The town board’s upcoming re-organizational meeting in January will include the appointment of over 40 positions, some of these are multiple posts currently held by one staff member; others are liaison or committee positions held by board members who will be leaving like Pokorny.

Lefkaditis said last week that the town board has currently heard from 21 interested applicants for appointed town government positions, which he said includes planning and zoning board seats, town attorney, and dog-control officer. He said that the interested applicants covered a range of positions, “virtually every position there is,” he said.

“And I expect that number to grow,” he said, of the 21 applicants.

The town has been advertising for these positions, Lefkaditis said, adding that he wants to eliminate the practice of hiring friends and family into town government.

“What we’re trying to get away from is the old-boys network … ,” he said. “Cronyism is the rust on this great government’s metal.”

The current town attorney, John Dorfman, was absent from the Dec. 12 town board meeting. Lefkaditis said at the meeting that Dorfman is currently in Germany, and, though he has not received a letter of resignation from Dorfman, he expects to see one soon.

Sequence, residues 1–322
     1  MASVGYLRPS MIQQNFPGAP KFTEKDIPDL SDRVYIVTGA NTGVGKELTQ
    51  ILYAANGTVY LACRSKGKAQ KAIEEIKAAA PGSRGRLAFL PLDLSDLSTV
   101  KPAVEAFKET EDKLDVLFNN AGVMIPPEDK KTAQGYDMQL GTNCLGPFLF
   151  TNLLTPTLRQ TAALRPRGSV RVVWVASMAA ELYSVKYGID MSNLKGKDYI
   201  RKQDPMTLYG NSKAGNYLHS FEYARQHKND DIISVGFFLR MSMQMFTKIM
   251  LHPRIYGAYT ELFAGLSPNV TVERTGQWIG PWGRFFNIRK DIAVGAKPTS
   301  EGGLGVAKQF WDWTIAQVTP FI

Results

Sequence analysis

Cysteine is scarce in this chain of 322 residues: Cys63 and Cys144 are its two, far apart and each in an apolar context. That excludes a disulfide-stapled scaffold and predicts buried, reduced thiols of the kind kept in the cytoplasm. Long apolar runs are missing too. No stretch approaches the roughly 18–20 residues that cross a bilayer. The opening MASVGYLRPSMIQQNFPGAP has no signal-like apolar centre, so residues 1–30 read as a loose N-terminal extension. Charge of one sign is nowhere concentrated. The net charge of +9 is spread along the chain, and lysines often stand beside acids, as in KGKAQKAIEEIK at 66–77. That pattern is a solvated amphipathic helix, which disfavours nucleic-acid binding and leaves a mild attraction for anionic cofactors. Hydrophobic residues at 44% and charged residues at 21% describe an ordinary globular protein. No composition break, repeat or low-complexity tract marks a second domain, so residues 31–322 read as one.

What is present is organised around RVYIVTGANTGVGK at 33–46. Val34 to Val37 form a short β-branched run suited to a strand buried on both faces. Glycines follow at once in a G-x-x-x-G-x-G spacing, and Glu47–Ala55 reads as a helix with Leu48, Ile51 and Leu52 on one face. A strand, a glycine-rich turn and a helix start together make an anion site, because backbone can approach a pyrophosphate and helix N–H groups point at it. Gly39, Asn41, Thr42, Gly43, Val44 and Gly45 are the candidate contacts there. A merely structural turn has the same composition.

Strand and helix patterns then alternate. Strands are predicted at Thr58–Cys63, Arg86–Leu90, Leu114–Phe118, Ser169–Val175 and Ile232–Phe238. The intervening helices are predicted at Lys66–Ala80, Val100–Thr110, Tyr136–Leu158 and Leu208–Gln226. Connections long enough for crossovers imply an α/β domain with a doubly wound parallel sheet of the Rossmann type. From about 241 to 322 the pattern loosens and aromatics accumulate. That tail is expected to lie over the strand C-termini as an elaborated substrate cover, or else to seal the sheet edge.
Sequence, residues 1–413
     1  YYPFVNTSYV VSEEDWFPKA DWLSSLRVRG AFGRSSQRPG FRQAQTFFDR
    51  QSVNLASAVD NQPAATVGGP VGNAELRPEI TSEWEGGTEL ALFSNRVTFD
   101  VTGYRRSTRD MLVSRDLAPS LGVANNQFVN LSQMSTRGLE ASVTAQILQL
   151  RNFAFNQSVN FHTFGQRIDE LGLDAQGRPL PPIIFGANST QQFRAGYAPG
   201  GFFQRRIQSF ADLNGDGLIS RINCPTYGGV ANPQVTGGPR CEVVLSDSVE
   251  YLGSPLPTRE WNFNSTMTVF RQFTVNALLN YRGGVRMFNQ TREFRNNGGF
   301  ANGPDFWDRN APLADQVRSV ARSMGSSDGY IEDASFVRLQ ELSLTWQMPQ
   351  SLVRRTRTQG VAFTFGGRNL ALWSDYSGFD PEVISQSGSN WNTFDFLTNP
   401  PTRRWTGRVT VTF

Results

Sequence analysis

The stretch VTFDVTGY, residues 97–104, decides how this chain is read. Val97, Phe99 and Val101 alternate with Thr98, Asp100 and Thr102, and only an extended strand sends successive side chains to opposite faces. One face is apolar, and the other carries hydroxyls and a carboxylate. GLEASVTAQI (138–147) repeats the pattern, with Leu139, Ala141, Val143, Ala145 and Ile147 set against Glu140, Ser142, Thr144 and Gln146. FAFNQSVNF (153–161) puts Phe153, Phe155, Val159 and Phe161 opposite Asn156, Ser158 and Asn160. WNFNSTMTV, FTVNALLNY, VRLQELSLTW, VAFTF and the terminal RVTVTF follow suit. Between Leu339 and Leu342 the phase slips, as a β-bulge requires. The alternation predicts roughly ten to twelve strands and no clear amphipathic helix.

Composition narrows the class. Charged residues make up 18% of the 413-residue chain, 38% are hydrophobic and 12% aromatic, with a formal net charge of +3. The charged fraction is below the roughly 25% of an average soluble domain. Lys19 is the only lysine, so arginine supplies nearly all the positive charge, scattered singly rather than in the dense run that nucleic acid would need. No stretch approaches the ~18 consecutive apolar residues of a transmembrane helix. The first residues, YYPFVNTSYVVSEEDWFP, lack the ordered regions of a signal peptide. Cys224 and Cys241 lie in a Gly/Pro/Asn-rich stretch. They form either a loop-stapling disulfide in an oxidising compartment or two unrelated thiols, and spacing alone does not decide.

Lefkaditis also announced at Tuesday’s meeting that the current chairman for the zoning board of appeals, John DeMis, will be resigning.

Lou Saddlemire, who holds three appointed positions as dog control officer, park laborer, and highway department laborer, declined to comment before the appointments are made.

“I feel right now I shouldn’t say anything political,” he told The Enterprise last week.

At Tuesday’s town board meeting, Saddlemire argued with Lefkaditis over the reason the town hall generator broke. Saddlemire asserted Lefkaditis was covering up something. Lefkaditis countered that a report from the repair service explained the generator’s malfunction. Saddlemire further said that he had not received a new key for the janitor’s closet after leaving a note requesting it, making it impossible for him to access salt needed for ice. Lefkaditis responded that rock salt was sitting outside the closet where it normally is kept.

Certain positions are appointed by the town clerk or town justices and approved by the board; the current town clerk and one the town justices were ousted by Republican-backed challengers in the election.

Timothy Francis, a Republican who ousted Democrat Jean Gagnon as town justice, said that he had spoken with town justice James Corigliano and had concluded that they did not want to replace the current court clerk, Deborah Liddle. He said that they would be happy with her appointment.

At Tuesday’s town board meeting, Highway Superintendent Salisbury said that his deputy superintendent, Loren Schafer, will be retiring.

“It’s going to be really tough to replace him,” he said.